Even with the most powerful engine in its class, the Brio is first an economy car and in its automatic trim has quite tall gearings. Gear changes are fast, I can feel that on city cruising speed (50 KpH), the gear changes before 2000RPM, and holding speed at city cruising limit the car’s engine only spins below 2000RPM. Maneuverability at leisurely speed or around tight corners is very good thanks to good weighted steering feel and short wheelbase.
At leisurely drive, the tall gear hunts its way to fifth as soon as possible, and with 1-step gear changes, kickdowns at leisurely drive is literal, the car feels lazy to support its runabout nature. Not feeling that Honda spirit, I change the gear lever to D3, and suddenly the car comes alive. Gear changes are just a press of a pedal, acceleration is brisk and I can feel the urgency of the engine hitting peak torque and horsepower in high RPM. Unlike some of its competitors that are only powered by a 3 cylinder engine, the Brio’s 4 cylinder develops power fast and consistently in all RPM range as the car feels fast but one to be careful driving it at full tilt because of the lighter side of the steering feel at speed.
One thing to dislike about the ride on the car is the peculiarly soft suspension. I can’t press this enough that the car engine and automatic gearbox are the jewel of the car, however the suspension is not able to cope with the demand of spirited driving as body roll is a problem in spirited driving. In a more leisurely drive, the car behaves nicely as intended; the soft suspension is kind to my back on undulating surface and pothole impacts are absorbed nicely. However, one have to drive at constant speed as the suspension feels different during acceleration, it feels as the dampers could not keep up with the spring and even though problems are non existent during city driving, one might want to upgrade the suspension on the Brio to enjoy the wonderfully engineered engine and gearbox.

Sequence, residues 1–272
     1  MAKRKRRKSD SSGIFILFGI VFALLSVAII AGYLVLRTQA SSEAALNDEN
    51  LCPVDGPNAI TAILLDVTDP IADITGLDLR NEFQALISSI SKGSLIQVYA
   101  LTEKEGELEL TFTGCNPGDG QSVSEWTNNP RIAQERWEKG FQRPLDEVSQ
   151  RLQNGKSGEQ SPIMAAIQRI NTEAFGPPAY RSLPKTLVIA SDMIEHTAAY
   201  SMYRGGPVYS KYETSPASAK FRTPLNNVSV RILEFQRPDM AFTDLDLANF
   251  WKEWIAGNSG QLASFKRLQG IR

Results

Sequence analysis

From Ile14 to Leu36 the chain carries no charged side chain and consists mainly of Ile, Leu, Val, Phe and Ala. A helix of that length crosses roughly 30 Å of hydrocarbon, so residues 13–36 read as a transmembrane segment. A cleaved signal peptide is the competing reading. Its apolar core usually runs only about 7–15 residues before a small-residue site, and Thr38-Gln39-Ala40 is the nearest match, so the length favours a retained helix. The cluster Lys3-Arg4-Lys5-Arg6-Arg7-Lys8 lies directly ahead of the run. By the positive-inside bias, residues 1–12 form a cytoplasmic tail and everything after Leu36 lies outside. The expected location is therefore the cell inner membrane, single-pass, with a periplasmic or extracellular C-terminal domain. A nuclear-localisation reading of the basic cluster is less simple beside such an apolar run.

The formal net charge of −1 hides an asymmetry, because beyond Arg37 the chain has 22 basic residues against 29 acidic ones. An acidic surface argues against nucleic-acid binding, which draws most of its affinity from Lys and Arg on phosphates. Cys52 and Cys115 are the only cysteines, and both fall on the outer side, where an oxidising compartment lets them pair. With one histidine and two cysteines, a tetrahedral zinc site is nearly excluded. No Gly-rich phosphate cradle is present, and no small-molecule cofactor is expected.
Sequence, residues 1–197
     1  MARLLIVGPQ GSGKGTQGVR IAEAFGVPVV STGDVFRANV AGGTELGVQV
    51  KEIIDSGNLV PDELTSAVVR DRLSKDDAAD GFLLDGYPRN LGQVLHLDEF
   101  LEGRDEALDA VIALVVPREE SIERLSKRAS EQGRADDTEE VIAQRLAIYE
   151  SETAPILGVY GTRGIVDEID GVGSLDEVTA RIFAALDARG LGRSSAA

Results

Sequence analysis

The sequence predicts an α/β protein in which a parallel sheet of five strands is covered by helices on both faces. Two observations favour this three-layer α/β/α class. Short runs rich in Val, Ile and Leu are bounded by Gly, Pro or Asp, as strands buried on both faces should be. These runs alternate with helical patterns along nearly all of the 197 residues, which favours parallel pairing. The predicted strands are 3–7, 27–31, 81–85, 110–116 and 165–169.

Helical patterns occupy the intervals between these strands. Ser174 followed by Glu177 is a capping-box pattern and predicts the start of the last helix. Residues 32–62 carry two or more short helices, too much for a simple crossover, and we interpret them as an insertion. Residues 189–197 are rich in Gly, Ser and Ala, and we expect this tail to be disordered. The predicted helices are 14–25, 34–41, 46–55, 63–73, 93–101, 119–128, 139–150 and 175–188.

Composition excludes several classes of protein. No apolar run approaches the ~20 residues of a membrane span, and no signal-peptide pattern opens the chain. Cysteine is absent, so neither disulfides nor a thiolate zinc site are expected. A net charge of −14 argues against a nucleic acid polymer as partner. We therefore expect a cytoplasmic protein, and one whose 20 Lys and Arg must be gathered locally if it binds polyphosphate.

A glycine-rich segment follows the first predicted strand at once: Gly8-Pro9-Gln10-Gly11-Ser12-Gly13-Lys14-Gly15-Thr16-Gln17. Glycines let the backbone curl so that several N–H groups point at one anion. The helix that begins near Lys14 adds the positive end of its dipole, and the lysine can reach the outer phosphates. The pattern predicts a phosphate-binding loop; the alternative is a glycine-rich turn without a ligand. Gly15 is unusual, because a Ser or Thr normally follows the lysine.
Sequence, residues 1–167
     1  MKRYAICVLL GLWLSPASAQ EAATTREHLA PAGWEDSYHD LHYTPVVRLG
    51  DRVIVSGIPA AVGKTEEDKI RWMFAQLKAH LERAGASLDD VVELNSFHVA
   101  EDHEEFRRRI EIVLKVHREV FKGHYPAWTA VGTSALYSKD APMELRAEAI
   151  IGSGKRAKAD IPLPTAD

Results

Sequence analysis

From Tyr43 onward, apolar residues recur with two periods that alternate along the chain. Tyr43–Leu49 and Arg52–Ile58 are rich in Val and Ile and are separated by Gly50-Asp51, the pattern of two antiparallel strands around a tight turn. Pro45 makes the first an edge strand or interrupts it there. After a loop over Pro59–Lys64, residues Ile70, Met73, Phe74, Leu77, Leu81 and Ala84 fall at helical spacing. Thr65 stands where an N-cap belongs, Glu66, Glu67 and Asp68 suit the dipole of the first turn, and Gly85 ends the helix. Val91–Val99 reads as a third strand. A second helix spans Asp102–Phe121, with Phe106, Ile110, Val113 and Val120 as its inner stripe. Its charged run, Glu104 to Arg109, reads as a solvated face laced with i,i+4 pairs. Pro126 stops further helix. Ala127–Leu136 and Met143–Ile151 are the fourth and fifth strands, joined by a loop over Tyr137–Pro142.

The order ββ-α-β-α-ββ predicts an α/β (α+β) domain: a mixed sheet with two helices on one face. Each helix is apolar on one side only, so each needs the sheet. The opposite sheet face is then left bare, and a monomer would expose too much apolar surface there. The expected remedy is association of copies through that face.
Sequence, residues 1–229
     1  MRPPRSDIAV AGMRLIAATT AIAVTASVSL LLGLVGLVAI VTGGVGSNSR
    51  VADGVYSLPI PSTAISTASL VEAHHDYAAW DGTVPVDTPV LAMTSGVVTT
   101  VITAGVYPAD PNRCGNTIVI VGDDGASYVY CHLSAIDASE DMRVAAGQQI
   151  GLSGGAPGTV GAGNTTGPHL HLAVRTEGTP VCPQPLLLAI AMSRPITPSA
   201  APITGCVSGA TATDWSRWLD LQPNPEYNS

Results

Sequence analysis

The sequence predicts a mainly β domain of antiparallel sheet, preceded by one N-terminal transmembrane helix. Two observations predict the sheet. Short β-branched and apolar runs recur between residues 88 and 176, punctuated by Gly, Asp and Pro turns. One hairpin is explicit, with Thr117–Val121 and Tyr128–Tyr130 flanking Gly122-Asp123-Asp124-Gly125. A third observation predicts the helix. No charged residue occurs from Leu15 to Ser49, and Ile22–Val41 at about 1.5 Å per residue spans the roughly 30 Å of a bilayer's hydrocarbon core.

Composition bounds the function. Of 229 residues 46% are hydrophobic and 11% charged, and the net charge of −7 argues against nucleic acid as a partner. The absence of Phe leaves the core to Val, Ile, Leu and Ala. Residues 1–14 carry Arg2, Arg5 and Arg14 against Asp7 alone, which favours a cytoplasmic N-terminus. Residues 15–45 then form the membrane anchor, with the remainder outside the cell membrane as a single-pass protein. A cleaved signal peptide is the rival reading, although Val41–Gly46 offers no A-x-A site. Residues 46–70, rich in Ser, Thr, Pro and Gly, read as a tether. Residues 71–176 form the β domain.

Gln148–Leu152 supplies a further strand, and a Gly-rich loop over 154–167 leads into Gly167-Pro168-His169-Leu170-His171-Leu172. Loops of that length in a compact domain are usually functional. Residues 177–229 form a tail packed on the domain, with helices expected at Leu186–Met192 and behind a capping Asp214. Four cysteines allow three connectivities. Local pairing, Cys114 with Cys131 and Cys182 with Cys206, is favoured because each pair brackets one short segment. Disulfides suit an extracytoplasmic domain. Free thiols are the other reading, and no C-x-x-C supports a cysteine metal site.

In terms of fuel efficiency, the nature of test drives session are inherently random at best. Be that as it may, my test drive session revolves a 15 minutes back to back traffic and 10 minutes of smooth sailing. The return is a consistent 1L for 12 Km for a back to back traffic with moderate acceleration, and at long straight the onboard mileage computer easily reaches 1L for 17Km like it was nothing. With careful driving, I believe I can break through the 1L/20Km barrier mark with the car and with hypermiling thrown in, getting past the 1L/25Km should be achievable (I can get 1L/24Km with my Freed on highway with hypermiling).
What is Honda if not showing the green aspect of its products, while the Brio has no ECON function, it features a light up ECO notification whenever the ECU deems that the driver is driving efficiently. There are no specific rule to activate the ECO light, but the most consistent way to activate it is simply to lightly press the pedal at constant speed.